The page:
Conference Focuses on Improving Access to Oral Healthcare for the Disabled

Dentistry Today
0 Shares

Educators, industry leaders, policymakers, clinicians, caregivers, and people with disabilities gathered at the University of Pennsylvania School of Dental Medicine on June 17 and 18 for Project Accessible Oral Health’s (PAOH’s) “Champions for Oral Health Care in the Disability Community” to discuss strategies and solutions for improving access to care. 

“We are pleased to host this event and continue to work to improve access to quality oral healthcare for all,” said Mark Wolff, DDS, PhD, Morton Amsterdam Dean of Penn Dental and cofounder of PAOH, a public-private partnership operating under the Viscardi Center’s network of nonprofit organizations designed to connect a diverse consortium of stakeholders in pursuit of equal access to quality oral healthcare.

“Dental schools have an obligation to be a leader in changing care for the disabled. Students need to gain experience treating and understanding persons with disabilities, so when they go into practice, they recognize that as healthcare providers, treating the disabled is simply part of being a dentist,” Wolff said. “To improve accessibility, there must be this paradigm shift in dental education and the dental profession.”

The program opened with an update on the development of the PAOH network and partnerships, presented by Wolff and by other PAOH cofounders John D. Kemp, president and CEO of the Viscardi Center and chairman of PAOH, and Steven Kess, vice president of global professional relations for Henry Schein and founding president of the Henry Schein Cares Foundation.

Neil Romano, chairman of the National Council on Disability (NCD), provided the keynote. The NCD also provided an update on the HEADs UP Act before Congress and a proposal before a vote by the Commission on Dental Accreditation to add competency in managing patients with disabilities as a requirement within dental school curricula. Both are still pending.

The HEADs UP Act would direct the Health Services and Resources Administration to designate people with intellectual and developmental disabilities as a Medically Underserved Population, providing access to new primary care and specialist services, incentivize new research, and authorize more favorable reimbursement rates for providers.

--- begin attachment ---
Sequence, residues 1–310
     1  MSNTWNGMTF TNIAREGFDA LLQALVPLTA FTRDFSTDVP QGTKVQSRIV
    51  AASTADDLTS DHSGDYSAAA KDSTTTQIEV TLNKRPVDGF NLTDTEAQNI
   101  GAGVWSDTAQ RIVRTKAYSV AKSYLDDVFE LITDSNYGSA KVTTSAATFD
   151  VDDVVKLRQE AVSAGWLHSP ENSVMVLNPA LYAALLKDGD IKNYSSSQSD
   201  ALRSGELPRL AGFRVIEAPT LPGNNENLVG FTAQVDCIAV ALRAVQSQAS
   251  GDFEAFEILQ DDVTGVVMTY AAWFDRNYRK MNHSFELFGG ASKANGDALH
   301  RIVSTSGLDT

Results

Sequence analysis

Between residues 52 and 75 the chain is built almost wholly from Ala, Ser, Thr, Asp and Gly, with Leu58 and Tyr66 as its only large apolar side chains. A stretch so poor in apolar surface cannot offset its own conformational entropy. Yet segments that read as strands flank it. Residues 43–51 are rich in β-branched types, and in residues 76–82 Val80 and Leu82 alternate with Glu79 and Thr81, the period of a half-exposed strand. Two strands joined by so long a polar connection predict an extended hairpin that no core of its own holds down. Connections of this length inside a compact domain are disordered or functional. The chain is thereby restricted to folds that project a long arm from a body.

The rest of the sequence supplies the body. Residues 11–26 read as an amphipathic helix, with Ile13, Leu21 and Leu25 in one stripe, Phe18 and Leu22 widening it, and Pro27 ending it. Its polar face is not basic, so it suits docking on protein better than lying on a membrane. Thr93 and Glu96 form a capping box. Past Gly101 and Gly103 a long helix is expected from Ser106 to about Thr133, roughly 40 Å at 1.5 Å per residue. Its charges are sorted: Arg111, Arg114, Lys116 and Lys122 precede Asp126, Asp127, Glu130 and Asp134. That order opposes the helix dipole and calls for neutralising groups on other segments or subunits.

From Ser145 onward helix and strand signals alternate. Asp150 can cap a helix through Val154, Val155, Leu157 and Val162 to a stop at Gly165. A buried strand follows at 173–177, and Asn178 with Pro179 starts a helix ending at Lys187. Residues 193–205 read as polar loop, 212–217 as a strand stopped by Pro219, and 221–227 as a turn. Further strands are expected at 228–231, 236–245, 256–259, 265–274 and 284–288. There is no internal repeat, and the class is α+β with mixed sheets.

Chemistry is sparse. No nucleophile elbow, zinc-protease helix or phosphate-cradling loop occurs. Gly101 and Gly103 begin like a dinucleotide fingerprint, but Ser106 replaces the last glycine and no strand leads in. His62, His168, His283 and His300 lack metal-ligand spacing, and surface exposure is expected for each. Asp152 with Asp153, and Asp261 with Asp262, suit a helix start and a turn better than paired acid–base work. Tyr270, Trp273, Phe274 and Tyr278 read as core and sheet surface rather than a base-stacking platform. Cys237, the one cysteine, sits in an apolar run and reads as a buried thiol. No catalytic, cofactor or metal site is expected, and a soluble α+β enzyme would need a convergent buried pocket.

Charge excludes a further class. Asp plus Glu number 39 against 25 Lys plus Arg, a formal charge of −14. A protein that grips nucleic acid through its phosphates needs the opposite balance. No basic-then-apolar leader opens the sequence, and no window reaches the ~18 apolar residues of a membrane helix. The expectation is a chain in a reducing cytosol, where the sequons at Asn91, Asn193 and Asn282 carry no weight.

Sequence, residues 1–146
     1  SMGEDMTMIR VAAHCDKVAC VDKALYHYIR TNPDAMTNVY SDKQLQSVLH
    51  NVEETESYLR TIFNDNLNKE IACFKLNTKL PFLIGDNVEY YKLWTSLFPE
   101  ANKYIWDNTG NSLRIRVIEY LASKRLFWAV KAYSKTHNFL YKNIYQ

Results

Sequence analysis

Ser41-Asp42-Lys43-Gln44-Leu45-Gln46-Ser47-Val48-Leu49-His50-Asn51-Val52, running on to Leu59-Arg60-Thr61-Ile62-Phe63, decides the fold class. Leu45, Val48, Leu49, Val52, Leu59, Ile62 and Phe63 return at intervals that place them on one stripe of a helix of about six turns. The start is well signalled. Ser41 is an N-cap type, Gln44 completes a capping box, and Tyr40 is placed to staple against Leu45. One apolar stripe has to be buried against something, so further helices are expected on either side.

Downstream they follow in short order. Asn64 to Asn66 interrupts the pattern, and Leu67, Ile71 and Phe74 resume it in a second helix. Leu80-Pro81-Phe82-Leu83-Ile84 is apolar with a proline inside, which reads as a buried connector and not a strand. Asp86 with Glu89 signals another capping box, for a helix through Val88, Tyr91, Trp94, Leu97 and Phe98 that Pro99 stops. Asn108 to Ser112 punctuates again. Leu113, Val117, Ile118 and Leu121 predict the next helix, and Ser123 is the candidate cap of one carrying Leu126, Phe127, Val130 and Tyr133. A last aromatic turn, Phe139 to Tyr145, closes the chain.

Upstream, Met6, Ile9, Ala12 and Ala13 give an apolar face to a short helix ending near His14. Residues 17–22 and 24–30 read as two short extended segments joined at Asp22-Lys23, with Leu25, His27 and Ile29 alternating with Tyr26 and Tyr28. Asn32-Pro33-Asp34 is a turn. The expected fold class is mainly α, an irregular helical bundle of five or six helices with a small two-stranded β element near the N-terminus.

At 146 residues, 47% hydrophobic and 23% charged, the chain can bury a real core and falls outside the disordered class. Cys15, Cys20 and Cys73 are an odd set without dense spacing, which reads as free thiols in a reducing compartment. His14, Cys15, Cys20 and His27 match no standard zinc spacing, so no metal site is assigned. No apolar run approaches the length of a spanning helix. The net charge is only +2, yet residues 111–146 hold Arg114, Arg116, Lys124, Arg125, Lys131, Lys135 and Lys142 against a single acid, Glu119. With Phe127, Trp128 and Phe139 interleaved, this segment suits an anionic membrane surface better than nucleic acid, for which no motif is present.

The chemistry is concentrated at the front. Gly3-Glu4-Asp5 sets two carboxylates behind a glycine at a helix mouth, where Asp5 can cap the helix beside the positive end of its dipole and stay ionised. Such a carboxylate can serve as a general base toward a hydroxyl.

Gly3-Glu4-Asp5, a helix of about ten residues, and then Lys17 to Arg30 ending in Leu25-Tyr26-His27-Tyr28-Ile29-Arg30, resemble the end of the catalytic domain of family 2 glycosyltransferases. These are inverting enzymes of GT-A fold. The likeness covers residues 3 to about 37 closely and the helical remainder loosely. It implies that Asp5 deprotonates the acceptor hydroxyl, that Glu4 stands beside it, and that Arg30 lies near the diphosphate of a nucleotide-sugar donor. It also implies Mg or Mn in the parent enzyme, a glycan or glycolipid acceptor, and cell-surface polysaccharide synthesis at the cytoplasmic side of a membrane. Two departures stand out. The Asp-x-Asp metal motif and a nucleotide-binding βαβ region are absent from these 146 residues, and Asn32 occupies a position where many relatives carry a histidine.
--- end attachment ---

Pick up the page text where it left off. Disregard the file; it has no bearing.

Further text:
Larry Paul, DDS, vice president of corporate dental for AmeriHealth Caritas, discussed the company’s Inclusive Dental program, which aims to expand community-based dental care for persons with disabilities. Robert Glickman, DMD, associate dean for clinical affairs at New York University, described the patient services and educational resources of the NYU Oral Health Center for People with Disabilities

Author Allen Hornblum detailed the medical experimentation on children that took place in the United States during the Cold War. Three panel discussions, including one with athletes and representatives from Special Olympics Pennsylvania and two others with advocates, policymakers, and educators representing diverse organizations working in the disabled community, highlighted additional initiatives and challenges.

Adam Stablholtz of the Hebrew University-Hadassah School of Dental Medicine presented an overview of Shalva, the Israel Association for the Care and Inclusion of Persons with Disabilities and its services on behalf of Kalman Samuels, Shalva founder and president. And, Drs. Takehiko Kato and Kyoko Kuroiwa spoke on the Japanese with Disabilities Act.

“We have made tremendous progress in just two short years, and it is rewarding to be joined by colleagues who want to continue driving change that improves the oral health, and overall health, of this most deserving community,” said Barbie Vartanian, executive director of PAOH at the Viscardi Center. “Throughout this year’s event, colleagues exchanged best practices, shared challenges, and embraced the opportunity to build on our successes. We thank the attendees for their enthusiasm and we look forward to next year’s event.”

Meanwhile, Penn Dental Medicine is moving forward with its plans for the Penn Dental Medicine Care Center for Persons with Disabilities, which will provide its students with extensive experience in treating a full spectrum of individuals and where faculty will help to develop protocols and define oral health maintenance methodologies for individuals and their caregivers to follow.

Related Articles

Collaboration to Expand Training in Dental Care for the Disabled

Dental Schools to Build Facilities for Patients With Special Needs

Improving Oral Health Outcomes for Children With Special Needs